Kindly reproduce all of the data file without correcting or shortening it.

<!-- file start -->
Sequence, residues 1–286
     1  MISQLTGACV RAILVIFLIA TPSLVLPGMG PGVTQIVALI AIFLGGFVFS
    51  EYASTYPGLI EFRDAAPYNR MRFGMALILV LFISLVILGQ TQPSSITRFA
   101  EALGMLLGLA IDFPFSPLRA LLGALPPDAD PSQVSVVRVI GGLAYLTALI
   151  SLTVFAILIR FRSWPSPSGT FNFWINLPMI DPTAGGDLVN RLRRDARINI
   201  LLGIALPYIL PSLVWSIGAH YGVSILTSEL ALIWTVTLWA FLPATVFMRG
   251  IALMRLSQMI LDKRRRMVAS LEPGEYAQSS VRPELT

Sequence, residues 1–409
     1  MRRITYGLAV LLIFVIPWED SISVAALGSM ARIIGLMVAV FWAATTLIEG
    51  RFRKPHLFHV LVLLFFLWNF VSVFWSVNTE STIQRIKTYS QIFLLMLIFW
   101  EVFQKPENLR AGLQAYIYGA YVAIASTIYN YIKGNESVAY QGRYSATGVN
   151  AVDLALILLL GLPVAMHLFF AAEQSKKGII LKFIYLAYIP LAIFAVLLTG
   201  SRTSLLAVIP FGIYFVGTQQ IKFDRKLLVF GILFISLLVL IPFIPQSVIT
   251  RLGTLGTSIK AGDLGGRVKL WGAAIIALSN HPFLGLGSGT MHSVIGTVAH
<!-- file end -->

Sequence, residues 1–286
     1  MISQLTGACV RAILVIFLIA TPSLVLPGMG PGVTQIVALI AIFLGGFVFS
    51  EYASTYPGLI EFRDAAPYNR MRFGMALILV LFISLVILGQ TQPSSITRFA
   101  EALGMLLGLA IDFPFSPLRA LLGALPPDAD PSQVSVVRVI GGLAYLTALI
   151  SLTVFAILIR FRSWPSPSGT FNFWINLPMI DPTAGGDLVN RLRRDARINI
   201  LLGIALPYIL PSLVWSIGAH YGVSILTSEL ALIWTVTLWA FLPATVFMRG
   251  IALMRLSQMI LDKRRRMVAS LEPGEYAQSS VRPELT

Sequence, residues 1–409
     1  MRRITYGLAV LLIFVIPWED SISVAALGSM ARIIGLMVAV FWAATTLIEG
    51  RFRKPHLFHV LVLLFFLWNF VSVFWSVNTE STIQRIKTYS QIFLLMLIFW
   101  EVFQKPENLR AGLQAYIYGA YVAIASTIYN YIKGNESVAY QGRYSATGVN
   151  AVDLALILLL GLPVAMHLFF AAEQSKKGII LKFIYLAYIP LAIFAVLLTG
   201  SRTSLLAVIP FGIYFVGTQQ IKFDRKLLVF GILFISLLVL IPFIPQSVIT
   251  RLGTLGTSIK AGDLGGRVKL WGAAIIALSN HPFLGLGSGT MHSVIGTVAH